By Christopher Thomas Labour Staff
British Leyland shop stewards were told last night that the company must increase its car output by 25 per cent within Six months-in order to survive, and that there must he an end to ” unnecessary” disputes.”
The message was given to a meeting of shop stewards in Oxford by Mr Bob Wright, an executive member of the Amalgamated Union of Engineering workers and a leading union spokesman on the motor industry. Earlier yesterday Mr Wright was among union leaders who met Leyland management at the Earls Court motor show for an up-to-date report of the car section’s critical situation.
The company said that estimates for car production next financial year were up by about 200,000 on this year’s figure of 1,000 ,000, which is attributed to the aggressive marketing campaign to push back imported cars. The two sides were mutually blunt. The white-collar Association of Professional. Executive, Clerical and Computer Staff (Apex) announced that it was restricting further voluntary redundancies until it received more information about the company’s plans.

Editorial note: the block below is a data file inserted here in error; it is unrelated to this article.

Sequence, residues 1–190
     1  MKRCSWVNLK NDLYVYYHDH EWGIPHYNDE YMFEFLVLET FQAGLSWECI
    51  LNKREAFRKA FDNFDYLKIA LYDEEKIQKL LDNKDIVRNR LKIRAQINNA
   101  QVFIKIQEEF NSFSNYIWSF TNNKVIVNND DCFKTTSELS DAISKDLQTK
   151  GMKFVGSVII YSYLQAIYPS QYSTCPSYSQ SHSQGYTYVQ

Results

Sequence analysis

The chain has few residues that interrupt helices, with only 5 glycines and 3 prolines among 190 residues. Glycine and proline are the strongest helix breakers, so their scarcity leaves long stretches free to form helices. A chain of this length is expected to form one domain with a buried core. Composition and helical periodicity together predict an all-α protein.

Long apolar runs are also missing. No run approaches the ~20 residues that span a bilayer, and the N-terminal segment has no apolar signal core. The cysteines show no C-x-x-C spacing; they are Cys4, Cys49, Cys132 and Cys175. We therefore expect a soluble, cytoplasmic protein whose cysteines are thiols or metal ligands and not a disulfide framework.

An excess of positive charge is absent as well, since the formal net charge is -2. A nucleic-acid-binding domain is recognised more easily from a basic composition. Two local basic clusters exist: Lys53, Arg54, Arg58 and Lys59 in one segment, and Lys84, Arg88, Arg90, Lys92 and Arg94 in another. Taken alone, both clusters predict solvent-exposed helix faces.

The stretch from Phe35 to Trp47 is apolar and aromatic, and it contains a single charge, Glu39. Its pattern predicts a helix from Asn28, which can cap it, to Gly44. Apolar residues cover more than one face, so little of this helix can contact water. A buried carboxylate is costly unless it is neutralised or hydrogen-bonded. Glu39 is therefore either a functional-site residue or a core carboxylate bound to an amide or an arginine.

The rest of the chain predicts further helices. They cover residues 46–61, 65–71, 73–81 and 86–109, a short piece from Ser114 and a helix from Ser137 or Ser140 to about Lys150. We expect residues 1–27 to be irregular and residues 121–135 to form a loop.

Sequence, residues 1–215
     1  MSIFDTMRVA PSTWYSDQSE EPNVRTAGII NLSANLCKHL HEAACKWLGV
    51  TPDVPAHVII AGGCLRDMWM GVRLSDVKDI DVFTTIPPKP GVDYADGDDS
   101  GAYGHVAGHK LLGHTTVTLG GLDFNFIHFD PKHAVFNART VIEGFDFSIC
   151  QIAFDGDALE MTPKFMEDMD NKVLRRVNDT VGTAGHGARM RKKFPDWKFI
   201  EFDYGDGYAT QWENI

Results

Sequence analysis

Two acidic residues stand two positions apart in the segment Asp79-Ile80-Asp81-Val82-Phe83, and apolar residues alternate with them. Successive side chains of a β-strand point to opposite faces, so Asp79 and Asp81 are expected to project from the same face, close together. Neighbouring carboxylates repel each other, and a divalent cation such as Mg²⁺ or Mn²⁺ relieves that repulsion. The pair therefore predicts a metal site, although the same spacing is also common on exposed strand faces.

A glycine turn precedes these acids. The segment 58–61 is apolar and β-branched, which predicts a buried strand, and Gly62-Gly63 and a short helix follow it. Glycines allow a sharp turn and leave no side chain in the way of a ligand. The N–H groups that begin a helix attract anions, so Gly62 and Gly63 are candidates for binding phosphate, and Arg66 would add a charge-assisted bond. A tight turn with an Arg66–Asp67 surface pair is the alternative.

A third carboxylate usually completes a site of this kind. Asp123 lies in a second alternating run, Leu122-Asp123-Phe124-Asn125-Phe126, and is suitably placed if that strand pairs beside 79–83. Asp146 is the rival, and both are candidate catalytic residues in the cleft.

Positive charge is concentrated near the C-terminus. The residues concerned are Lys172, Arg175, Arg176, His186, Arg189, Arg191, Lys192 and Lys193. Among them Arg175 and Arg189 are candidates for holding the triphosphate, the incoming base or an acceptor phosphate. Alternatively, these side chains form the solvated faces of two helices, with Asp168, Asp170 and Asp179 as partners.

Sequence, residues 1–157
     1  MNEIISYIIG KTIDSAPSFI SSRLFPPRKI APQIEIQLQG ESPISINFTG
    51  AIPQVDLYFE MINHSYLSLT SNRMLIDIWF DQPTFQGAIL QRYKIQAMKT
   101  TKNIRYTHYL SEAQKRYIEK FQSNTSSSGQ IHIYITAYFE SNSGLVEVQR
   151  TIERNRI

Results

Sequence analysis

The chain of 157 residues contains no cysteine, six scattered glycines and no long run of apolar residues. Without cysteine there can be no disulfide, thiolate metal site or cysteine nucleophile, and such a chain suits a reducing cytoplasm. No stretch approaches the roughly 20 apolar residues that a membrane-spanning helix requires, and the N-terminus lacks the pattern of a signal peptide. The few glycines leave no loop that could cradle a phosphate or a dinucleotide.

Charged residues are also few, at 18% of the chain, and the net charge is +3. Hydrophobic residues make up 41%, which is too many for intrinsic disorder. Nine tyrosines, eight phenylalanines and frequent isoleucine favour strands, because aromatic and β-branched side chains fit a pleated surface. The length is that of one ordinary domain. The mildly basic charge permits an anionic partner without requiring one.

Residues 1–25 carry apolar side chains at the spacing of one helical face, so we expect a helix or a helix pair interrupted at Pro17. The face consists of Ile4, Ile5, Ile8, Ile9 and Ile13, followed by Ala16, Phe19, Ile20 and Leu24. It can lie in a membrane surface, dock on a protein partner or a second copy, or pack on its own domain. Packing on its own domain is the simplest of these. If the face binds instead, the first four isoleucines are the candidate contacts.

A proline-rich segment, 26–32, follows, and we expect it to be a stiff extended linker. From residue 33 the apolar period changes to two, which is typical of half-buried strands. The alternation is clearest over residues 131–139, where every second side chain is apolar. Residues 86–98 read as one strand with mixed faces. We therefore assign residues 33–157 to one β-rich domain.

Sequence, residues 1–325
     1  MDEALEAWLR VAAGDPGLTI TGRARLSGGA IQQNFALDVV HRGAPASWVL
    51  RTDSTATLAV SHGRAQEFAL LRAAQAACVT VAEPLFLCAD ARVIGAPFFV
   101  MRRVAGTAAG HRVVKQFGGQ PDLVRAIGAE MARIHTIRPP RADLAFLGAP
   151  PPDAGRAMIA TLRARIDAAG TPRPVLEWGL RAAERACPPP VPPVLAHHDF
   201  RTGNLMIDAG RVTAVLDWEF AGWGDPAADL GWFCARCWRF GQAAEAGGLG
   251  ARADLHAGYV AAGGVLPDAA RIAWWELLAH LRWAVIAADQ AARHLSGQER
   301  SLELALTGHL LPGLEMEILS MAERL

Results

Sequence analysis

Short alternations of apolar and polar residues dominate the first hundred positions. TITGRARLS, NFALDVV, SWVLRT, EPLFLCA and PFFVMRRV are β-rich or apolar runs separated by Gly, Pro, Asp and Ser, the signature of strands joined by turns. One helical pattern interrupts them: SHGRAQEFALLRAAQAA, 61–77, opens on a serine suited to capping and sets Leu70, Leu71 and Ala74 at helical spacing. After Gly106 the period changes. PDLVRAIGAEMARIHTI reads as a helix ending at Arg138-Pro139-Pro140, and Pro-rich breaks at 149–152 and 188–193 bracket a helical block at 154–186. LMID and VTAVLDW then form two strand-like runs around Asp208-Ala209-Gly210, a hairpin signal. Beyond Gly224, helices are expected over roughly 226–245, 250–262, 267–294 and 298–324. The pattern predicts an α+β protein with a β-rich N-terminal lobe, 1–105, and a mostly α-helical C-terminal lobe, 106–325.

Management spokesmen said that compulsory redundancies were becoming increasingly inevitable. Mr Ray Edwards, assistant general secretary of Apex, said after the talks: “We believe our move will slow down the major re-organization taking place in the company. We are withdrawing co-operation in the centralization of the finance and purchasing functions until there have been effective national discussions.”
Unions and management will meet again in December. By the end of next month, worker participation machinery is expected to be operating, giving the Unions a bigger say in policy. Meanwhile, discussions are going on at plant level on how to reduce the 116,000 workforce in Leyland Cars, which has already been trimmed by 21,000 through voluntary redundancies and natural wastage.